For today’s tutorial, I will discuss one of my favorite techniques around Power BI custom icons, which uses custom icons in a dynamic way in Power BI visuals. This tutorial is inspired by an entry over at the Enterprise DNA forum, wherein one of our members is having trouble adding custom icons to his card visuals. I will show how you can resolve this problem efficiently. You can watch the full video of this tutorial at the bottom of this blog.
This is the outcome that the member wanted, which is a simple card visual with text – an up arrow if the value of the measure is positive and a red down arrow if the value is negative. If we click here to a different part of the ticker, you’ll see that it dynamically changes to a green up arrow when it’s positive and then a red down arrow when it’s negative.
Dynamic Power BI Custom Icons In Your Reports
One way to incorporate this is by using Base64 conversion. Base64 takes binary files and converts them into ASCII text. There’s no direct way to incorporate binary image files into a Power BI report. So, you have to go through this encoding through Base64 in order to do that.
I’ll show you the general structure that I use for this, which is just a basic SWITCH TRUE construct. In this case, the measure that we’re looking at is this Average of LNReturn (log normal returns). If it’s less than zero, it gets a certain value. If it’s greater than zero, it gets a different value. And then, for the sake of simplicity, I’ve said if it’s neither of those, (as in this case) if it’s equal to zero, it just gets left blank.
And the chances of this averaging to exactly zero are very small. But, you could put a third value in here, which is just maybe a horizontal arrow that shows no change, or you could use blank. I’ve just done this to simplify the measure for illustrative purposes.
Now, let’s take a look first at custom icons. The custom icons that I use are from a site called Flaticon. I have no affiliation with Flaticon. I just happen to think it’s a really good site. It lets you organize the icons in a really nice way. It allows you to edit them as well. I use these a lot in my Power BI reports.
What I did was just found an icon here that I thought would work well with the member’s requirement. And then, I just went through the Flaticon editor and created a green version for up and a red version for down.
And then, I downloaded a smaller version of the red and green arrows, which is 32px because the 512px is going to generate a very large Base64 version.
Next, we want to convert those into Base64. There are a whole bunch of Base 64 converters, but one that I really like is this Base64 image.de. It has a nice drag and drop interface, and it has image optimization capabilities. And if you enable this, it’ll reduce the size of your resulting file without any noticeable impact on the look of the visual. If we’re working with more complex images, that optimization will really help reduce the size.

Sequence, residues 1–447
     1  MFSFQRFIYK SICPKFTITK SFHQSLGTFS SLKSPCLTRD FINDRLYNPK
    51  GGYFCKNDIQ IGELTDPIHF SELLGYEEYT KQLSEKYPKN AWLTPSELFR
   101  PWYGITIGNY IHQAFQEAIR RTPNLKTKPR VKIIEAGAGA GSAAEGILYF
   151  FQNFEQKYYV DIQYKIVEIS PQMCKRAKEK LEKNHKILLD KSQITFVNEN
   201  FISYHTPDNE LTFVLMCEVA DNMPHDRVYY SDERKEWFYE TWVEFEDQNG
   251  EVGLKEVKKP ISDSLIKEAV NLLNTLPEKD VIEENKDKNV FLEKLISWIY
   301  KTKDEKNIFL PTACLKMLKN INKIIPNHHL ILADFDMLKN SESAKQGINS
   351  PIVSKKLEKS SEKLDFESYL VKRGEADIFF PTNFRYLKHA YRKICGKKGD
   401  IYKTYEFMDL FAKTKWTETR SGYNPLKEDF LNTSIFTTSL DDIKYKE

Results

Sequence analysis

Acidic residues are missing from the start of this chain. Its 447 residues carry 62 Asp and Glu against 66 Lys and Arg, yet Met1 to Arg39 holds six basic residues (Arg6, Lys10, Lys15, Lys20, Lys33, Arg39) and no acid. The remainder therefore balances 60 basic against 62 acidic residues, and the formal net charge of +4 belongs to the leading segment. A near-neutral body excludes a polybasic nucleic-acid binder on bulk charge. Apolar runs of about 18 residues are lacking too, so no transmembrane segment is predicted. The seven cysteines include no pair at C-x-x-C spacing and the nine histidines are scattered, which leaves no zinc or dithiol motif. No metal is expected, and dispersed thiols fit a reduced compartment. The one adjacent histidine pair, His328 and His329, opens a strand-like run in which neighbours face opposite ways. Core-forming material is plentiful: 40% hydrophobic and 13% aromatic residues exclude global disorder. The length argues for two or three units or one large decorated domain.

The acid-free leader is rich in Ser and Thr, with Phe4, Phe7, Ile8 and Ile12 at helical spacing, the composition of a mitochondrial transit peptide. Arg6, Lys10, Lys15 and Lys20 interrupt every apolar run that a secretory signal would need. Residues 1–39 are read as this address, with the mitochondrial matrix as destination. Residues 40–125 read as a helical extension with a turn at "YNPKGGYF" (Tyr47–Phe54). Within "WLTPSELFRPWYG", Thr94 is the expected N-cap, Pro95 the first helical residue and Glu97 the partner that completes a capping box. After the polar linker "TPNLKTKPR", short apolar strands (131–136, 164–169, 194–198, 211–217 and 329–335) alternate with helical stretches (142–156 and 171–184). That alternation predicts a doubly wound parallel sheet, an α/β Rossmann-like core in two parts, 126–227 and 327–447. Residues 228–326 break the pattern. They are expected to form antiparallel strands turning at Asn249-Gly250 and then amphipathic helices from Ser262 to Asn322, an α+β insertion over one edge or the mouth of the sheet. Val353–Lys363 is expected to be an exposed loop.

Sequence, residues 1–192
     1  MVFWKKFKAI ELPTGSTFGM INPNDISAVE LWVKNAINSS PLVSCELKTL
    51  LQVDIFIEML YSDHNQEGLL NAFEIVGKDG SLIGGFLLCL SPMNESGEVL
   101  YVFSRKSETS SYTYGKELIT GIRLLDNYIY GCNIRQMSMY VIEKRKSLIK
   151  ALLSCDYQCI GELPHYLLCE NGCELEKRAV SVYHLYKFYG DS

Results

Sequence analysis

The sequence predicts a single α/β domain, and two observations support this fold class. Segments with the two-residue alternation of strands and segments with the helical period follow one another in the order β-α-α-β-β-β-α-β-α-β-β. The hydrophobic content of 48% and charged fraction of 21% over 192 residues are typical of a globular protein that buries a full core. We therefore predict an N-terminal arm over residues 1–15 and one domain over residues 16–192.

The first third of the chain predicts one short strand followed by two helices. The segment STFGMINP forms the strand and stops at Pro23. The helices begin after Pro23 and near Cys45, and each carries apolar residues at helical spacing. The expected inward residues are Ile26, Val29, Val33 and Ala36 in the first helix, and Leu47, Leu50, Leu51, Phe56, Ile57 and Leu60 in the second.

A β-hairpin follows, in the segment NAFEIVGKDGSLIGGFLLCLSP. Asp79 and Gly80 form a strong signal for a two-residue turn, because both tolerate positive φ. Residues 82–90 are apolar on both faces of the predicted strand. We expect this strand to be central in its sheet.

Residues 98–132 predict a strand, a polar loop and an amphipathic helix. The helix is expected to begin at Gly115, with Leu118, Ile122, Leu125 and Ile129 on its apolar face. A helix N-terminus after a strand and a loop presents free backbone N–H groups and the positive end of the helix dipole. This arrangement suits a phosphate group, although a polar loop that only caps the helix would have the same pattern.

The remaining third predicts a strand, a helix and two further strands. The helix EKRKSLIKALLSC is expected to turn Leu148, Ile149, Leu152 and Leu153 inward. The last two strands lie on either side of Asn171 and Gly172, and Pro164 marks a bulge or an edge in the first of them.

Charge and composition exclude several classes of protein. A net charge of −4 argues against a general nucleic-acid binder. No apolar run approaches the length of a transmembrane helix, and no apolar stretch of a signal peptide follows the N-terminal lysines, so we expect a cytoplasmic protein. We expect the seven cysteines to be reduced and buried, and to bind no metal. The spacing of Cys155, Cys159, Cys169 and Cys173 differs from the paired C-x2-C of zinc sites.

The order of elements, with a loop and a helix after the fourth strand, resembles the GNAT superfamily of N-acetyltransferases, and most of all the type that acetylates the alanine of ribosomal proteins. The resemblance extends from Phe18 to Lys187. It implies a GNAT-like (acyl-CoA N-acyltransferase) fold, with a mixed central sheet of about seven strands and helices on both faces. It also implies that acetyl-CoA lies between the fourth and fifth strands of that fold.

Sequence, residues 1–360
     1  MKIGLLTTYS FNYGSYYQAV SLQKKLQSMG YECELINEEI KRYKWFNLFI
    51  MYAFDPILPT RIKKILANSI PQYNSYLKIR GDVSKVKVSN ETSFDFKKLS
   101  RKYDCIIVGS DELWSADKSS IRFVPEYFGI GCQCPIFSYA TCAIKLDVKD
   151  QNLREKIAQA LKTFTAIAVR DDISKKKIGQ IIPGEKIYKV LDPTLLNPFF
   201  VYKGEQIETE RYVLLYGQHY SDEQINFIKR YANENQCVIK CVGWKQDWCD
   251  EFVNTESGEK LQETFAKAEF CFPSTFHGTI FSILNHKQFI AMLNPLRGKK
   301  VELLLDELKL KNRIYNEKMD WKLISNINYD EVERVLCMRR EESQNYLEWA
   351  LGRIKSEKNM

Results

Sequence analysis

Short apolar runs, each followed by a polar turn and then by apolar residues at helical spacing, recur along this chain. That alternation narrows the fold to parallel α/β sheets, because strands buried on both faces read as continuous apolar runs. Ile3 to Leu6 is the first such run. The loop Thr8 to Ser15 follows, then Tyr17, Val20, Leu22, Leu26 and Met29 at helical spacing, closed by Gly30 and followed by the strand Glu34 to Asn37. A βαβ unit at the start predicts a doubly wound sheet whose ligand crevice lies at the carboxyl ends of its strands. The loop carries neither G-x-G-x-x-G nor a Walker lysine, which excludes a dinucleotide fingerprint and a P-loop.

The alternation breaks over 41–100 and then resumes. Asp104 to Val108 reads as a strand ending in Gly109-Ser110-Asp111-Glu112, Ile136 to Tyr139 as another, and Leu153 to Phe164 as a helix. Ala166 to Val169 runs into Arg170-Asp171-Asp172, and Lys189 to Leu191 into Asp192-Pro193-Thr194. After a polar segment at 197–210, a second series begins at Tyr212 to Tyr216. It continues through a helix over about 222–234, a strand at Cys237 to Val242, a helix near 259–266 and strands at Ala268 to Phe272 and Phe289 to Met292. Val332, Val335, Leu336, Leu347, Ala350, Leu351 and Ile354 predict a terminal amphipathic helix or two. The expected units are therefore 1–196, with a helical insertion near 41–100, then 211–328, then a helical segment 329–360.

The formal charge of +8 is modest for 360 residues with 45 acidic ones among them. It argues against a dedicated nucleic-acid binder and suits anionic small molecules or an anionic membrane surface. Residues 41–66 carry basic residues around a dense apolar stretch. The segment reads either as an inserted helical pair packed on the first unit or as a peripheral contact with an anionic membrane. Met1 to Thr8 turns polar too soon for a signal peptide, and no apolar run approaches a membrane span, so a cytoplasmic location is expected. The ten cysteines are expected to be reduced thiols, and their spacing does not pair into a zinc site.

We can then simply drag and drop the files here, which as you can see convert quite quickly.
Then, we just copy the image for each one and paste it into the measure inside the quotes. And you can see, even for that small 32-pixel icon, this is a pretty hefty amount of text.
Next, let’s create a new measure where we can copy that in. I’ll call this measure, Icon2 Base64. After that, we need to change the Data Category to Image URL. Now, we’re in good shape for creating the visual that we want
Card visuals do not handle images without the use of custom visuals for reading those images, but tables handle images quite well. And so, we’ll just first create a table visual, and we can format that table visual to look like a card visual.
We take our icon two Base64 files, and then our measure, the Average of the LNR. Next, we can just format these accordingly using the new format pane.
And that’s how you do it with Base64. The other possibility is using web-based images. The reason you might want to do this is if you’re using more complex images. There are some things you can do in terms of splitting the image into pieces and then resembling it in DAX. But the easier way to do it is just through web-based images.
Once you download the files (the green up arrow and the red down arrow), you can go to an image hosting site. The one that I use is called IMGBB. Again, I have no affiliation with this site; it’s just one that I happen to like that works well for me.
You just upload your images to this site, go to embed codes and make sure you’re looking at direct links.
You can then copy those. Then, using the same basic structure that we did in the SWITCH TRUE statement, you can paste those into that basic structure. And that should give us exactly what we need from an image standpoint.
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So that’s the technique that I wanted to show you today. You can use that to create dynamic Power BI custom icons in a lot of different ways. Tables handle this well. You can do this through matrixes as well, and then there are some custom visual tools that will view these just in isolation within a frame.
There’s a lot of flexibility in this technique and I hope that you found that helpful. You can watch the full video tutorial below for more details.